This meant investing heavily in rural road networks, modern irrigation, seed and fertilizer support. It meant providing farmers access to affordable post-harvest facilities and farm machinery as well as credit under terms reasonable enough to encourage private sector participation.

In our case, our farmers have remained heavily dependent mainly on themselves for farm services, vulnerable to nature’s whims, clueless about potential markets even for great products.

Even in other aspects of agriculture – aquaculture, livestock raising, dairy, salt production – we have not only failed to maximize the potentials but are even endangering their existence.

Bicol’s goby called sinarapan, the world’s smallest commercial fish, for example, is disappearing from Camarines Sur’s Lakes Buhi and Bato, endangered by fish pens and pollution. In Batangas, Taal Lake’s distinctive aquatic ecosystem, which produces the delectable maliputo, is also threatened by tilapia pens.

Bohol produces a unique type of salt called asin tibuok. Over several months, coconut husks are soaked in seawater and then dried and burned. The brine is then boiled in clay pots to produce salt blocks that should fetch as much if not more than France’s fleur de sel and all those artisanal salts that are now in vogue. Asin tibuok is a labor of love, but it’s a dying enterprise. It deserves production and marketing support from the government.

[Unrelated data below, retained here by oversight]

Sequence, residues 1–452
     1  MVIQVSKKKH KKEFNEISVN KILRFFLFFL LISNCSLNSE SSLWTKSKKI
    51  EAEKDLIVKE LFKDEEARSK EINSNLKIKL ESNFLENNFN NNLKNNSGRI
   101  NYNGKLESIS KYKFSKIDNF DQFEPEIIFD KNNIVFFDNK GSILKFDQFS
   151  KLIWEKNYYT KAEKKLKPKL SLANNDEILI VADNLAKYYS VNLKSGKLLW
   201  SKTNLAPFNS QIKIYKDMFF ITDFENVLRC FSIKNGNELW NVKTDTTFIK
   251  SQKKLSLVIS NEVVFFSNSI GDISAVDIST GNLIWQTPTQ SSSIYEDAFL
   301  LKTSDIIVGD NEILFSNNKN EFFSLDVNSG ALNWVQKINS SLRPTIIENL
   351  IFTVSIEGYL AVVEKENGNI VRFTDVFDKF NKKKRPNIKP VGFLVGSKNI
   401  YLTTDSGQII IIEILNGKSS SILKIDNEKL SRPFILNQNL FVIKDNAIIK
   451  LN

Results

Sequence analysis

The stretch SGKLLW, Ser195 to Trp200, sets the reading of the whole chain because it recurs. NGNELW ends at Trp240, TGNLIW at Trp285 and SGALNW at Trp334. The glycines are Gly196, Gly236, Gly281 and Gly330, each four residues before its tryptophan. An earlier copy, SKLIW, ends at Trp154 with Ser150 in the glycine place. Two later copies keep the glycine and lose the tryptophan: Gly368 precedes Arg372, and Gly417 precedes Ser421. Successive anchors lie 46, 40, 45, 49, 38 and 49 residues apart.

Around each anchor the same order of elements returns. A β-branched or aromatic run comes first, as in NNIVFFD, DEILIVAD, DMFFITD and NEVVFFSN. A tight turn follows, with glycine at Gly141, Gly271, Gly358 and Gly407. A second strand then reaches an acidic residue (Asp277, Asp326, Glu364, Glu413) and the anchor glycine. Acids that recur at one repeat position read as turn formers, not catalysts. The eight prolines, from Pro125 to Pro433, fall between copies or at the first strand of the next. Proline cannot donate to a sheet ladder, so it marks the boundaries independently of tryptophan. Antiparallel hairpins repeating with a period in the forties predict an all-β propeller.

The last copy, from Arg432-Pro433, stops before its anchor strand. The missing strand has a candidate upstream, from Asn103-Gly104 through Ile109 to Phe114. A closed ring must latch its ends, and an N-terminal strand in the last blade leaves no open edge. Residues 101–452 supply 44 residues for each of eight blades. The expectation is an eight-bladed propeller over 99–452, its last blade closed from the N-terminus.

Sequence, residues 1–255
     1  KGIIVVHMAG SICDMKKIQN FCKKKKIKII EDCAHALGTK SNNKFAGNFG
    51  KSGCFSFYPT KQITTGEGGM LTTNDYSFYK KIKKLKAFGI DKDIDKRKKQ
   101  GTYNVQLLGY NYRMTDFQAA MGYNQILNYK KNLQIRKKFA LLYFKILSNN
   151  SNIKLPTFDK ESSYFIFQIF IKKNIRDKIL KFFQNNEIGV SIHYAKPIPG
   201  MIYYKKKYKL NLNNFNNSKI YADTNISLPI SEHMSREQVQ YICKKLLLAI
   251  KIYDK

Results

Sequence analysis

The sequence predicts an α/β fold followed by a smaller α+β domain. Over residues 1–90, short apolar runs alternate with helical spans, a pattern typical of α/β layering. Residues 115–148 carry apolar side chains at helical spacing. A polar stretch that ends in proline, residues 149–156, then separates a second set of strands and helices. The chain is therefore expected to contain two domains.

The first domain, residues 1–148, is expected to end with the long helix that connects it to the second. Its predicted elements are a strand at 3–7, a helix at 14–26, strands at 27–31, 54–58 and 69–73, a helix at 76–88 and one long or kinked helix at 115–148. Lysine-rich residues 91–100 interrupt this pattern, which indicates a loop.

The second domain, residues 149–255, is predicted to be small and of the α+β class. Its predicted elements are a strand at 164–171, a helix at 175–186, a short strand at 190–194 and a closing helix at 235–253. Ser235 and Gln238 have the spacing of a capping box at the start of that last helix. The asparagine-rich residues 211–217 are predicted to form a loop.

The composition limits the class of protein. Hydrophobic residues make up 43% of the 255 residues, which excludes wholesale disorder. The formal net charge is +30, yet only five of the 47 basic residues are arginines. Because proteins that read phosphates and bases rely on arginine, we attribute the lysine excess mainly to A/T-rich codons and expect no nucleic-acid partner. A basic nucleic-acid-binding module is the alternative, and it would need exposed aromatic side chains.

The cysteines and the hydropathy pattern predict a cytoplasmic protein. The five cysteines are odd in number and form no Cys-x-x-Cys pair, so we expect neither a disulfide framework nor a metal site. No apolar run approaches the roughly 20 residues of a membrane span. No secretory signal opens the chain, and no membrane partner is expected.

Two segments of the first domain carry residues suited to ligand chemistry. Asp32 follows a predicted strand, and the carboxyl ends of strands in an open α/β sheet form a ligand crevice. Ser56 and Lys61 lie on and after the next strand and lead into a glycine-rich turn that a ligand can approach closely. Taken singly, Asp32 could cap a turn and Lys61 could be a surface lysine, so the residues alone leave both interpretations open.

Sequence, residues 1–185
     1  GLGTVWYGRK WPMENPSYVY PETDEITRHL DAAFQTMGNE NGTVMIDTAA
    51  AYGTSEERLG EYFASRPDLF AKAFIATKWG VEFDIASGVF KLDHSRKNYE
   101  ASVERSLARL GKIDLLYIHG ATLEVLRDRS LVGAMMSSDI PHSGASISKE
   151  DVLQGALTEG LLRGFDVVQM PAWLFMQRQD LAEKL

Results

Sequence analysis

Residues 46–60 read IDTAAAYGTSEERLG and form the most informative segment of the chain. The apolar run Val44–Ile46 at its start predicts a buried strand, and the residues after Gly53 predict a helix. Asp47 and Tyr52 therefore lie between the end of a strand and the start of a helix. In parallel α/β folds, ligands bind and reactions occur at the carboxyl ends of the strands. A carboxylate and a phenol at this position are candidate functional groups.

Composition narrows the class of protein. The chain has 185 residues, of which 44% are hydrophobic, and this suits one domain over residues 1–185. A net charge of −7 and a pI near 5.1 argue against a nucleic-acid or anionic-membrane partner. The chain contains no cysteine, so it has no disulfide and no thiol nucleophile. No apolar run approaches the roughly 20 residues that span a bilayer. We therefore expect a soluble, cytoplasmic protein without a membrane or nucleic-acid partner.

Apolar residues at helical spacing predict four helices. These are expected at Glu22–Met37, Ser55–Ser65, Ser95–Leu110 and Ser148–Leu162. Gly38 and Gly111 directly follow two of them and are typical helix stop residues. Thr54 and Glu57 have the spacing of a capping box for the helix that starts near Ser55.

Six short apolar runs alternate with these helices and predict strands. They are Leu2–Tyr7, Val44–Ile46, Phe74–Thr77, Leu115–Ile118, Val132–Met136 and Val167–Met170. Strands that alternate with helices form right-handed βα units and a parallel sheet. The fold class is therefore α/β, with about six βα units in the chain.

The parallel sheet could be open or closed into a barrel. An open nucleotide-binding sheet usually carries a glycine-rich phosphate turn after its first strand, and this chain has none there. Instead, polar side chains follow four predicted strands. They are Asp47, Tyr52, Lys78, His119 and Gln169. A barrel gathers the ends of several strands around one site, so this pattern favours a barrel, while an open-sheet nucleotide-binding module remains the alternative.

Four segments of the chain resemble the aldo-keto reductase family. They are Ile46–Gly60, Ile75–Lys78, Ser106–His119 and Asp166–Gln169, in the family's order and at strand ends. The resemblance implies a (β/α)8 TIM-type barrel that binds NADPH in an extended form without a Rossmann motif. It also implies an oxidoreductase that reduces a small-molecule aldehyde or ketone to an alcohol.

Guimaras mango is incomparable and could fuel job-generating agribusiness. Yet a young woman I know who left Guimaras to work in Manila says her village in the province remains accessible only by an hour-long boat ride. The village is so poor there’s no electricity or piped water, and when she last visited she still had to climb up a dirt trail to reach her village on a hill.

The Ilocos Region should register its pungent garlic as a traditional specialty, appellation Ilocandia, together with its Vigan longganiza.

Even milk from our native water buffalo deserves widespread propagation. It’s unusually rich and would be perfect not just for milk production but also for mozzarella making.

Bicol itself can use a boost in its pili production. The nut tastes better than almond and can be used to make marzipan, and it has great potential for producing cooking oil.

We have excellent highland rice, including the varieties grown in the terraced paddies of Banaue and Bontoc, where younger generations unfortunately no longer want to become rice farmers. Today there are groups producing fine mountain coffee and there’s award-winning single-origin chocolate from Malagos in Davao. Tagaytay produces one of the best pineapples. I consider Iloilo’s guinamos the best shrimp paste in the world.

Approximately 73 percent of the country’s poor live in rural areas, with poverty incidence highest among farmers and fisherfolk. About 12 million Filipinos – close to a third of the workforce – rely on the agriculture sector for livelihood.

All the presidential candidates are mouthing promises about making economic growth inclusive. This cannot happen without greater attention being given to agriculture. The next administration cannot afford to keep the agriculture sector in a state of neglect.